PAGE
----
With the phrase “religious freedom” fast becoming this century’s “separate but equal,” it should surprise nobody that all the right-wing Christian groups are biting at the bit to use it against people they disagree with. Whether it’s a Michigan law that uses the phrase to mask its bigotry or Christians weaponizing it to hit everyone outside of their circle with, the phrase that once mean “to each their own religion” now means “the Christian faith above all others.”
And because Christians love grievance politics, pointing that out to them constitutes “discrimination.” Since black is white, up is down, war is peace, ignorance is strength, and slavery is freedom.
A spectacular demonstration of this comes to us from Missouri: State Representative Elijah Haahr (R-Theocracy) is pushing through a bill that would allow Christian groups to discriminate against others, and receive benefits for being Christian groups. The bill, HB-104, bars public schools and institutions from “tak[ing] any action or enforc[ing] any policy that denies a religious student association and benefit available to any other student association.” Really, the Bill is a roundabout way of saying that no college can withhold perks from a bigoted group because they’re bigoted.
Here are the relevant parts:
No public institution of higher learning shall take any action or enforce any policy that denies a religious student association any benefit available to any other student association, or discriminate against a religious student association with respect to such benefit, based on that association’s requirement that its leaders or members adhere to the association’s sincerely held religious beliefs, comply with the association’s sincere religious observance requirements, comply with the association’s sincere religious standards of conduct, or be committed to furthering the association’s religious missions as such beliefs, requirements, standards, or missions are defined by the association or religion upon which the association is based.
It’s a solution in search of a problem.
According to The Friendly Atheist, the bill’s sole raison d’être is to discriminate against LGBT kids, and to keep them from joining Christian clubs. Last year, a number of Christian schools were complaining because they couldn’t discriminate against gays and lesbians without loosing the benefits of becoming a student organization — “free meeting space, access to funding, tables at activity fairs, and more.” The schools noted they were more than welcome to discriminate, they would just lose their status for it.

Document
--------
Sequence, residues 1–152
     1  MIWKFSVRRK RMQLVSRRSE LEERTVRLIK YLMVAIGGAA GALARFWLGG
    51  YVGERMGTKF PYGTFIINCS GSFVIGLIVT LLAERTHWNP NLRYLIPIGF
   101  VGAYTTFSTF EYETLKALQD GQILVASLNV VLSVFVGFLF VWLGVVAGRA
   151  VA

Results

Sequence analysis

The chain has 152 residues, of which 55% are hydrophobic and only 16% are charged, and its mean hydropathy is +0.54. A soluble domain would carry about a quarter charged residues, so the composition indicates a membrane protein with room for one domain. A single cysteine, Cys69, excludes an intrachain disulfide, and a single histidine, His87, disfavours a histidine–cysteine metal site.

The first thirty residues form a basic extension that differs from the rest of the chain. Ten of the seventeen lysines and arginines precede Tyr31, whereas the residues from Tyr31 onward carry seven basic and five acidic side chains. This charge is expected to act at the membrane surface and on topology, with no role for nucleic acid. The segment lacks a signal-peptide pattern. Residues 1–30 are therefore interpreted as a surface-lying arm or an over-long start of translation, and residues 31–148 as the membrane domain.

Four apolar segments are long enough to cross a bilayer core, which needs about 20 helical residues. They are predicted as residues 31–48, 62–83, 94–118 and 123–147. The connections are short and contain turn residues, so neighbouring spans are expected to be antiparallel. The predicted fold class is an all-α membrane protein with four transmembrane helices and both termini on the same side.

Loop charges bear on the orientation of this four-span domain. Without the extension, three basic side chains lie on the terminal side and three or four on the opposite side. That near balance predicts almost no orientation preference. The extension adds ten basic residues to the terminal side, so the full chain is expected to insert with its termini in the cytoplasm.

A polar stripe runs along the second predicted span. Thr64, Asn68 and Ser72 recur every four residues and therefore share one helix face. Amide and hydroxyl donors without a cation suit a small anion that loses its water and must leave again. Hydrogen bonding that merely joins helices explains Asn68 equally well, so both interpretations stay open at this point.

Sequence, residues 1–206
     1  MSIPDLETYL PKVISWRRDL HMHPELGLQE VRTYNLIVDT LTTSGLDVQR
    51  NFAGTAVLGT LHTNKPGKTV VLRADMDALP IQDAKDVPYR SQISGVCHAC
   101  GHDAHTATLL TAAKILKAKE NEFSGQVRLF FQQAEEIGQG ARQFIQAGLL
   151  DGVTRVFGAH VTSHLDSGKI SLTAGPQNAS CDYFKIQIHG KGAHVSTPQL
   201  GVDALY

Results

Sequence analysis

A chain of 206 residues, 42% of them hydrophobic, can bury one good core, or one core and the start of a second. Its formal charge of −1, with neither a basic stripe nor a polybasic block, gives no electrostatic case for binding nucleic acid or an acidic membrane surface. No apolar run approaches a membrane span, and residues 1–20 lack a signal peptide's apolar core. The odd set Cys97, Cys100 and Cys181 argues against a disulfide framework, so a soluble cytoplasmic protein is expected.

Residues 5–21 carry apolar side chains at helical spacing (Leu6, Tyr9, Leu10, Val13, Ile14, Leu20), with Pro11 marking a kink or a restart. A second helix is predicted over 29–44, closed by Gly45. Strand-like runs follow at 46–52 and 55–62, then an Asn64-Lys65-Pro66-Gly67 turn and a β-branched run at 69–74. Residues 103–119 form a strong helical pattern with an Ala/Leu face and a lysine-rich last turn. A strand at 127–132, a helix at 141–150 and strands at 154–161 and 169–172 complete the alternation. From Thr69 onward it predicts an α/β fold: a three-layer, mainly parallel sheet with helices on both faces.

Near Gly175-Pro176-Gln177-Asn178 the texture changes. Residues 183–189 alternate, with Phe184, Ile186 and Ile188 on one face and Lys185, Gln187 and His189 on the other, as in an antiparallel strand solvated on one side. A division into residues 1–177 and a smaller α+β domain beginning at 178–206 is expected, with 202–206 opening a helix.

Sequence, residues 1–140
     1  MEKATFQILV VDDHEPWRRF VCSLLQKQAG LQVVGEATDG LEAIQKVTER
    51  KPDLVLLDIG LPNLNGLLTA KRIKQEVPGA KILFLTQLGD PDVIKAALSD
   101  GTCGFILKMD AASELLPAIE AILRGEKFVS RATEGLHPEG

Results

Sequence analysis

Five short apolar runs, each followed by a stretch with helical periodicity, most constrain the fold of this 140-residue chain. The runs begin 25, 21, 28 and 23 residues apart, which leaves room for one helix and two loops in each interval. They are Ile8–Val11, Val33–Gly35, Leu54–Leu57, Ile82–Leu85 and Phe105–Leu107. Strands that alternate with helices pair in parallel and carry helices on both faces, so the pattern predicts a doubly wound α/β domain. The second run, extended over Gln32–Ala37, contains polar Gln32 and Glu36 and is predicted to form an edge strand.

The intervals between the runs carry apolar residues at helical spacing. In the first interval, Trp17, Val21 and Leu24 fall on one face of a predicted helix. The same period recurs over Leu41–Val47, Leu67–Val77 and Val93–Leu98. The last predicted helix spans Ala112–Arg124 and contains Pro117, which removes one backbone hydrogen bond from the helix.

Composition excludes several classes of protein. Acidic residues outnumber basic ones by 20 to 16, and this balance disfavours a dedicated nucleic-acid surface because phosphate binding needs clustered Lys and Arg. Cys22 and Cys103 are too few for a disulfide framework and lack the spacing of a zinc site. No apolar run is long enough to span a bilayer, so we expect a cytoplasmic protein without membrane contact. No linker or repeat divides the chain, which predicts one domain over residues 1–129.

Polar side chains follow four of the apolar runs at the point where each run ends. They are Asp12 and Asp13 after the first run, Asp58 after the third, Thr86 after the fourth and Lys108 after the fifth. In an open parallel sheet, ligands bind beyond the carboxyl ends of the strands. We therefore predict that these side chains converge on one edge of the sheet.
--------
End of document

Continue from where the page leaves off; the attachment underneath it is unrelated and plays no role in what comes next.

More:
This bill is apparently trying to fix that:
These Christian groups are trying to prevent LGBT students from being elected to leadership positions within their group — something that just isn’t happening anywhere. I promise you no openly gay people are cutting in line to become President of InterVarsity Christian Fellowship. (Even if someone wanted to do it, they’d still need support from the other members.)
Most public universities have only a few requirements when it comes to forming a student group. Things like you have to have officers, fill out some paperwork, have a faculty sponsor, and be open to everyone on campus.
. . .
They can discriminate or they can be a registered student group. They can’t have both. Anti-gay discrimination, faith-based or not, isn’t a value public universities should reward.
It’s also worth noting, as Mehta points out, that you don’t see atheist groups pushing to discriminate against Christians. In fact, in order for Christians to find any discrimination against them carried out by atheists, they have leave the country and go back more than 50 years. Atheists? They can stay right here in the United States and not even have to go back five.
And ThinkProgress reports that this isn’t the first bill of its kind, either; several states have motioned and attempted to pass similar laws like the Missouri one to legalize Christian discrimination against everyone else. A similar bill in 2012 was passed by the Tennessee legislature, but Governor Bill Haslam (R) vetoed it. When Haslam vetoed it, he noted that overturning college enforcement of LGBT protections constituted government overreach, lesson the rest of the so-called “small government” conservatives would do well to learn from.
In 2013, Virginia actually managed to pass a similar law, extending privileges to all political groups, not just religious ones.
If Haahr’s name sounds familiar, that’s because you remember his 2014 bill that guaranteed students’ rights to express their religious viewpoint at school, including in classwork. Because the religious right is working hard on our “self-inflicted radical brain surgery,” the bill became law in July.
This particular trainwreck is in the formulation stage, but given that Nixon is a Blue Dog and he passed Haahr’s last attempt to undermine knowledge and education, if this gains traction — in the Republican dominate legislature of the state — then Nixon will probably sign it.
h/t: Friendly Atheist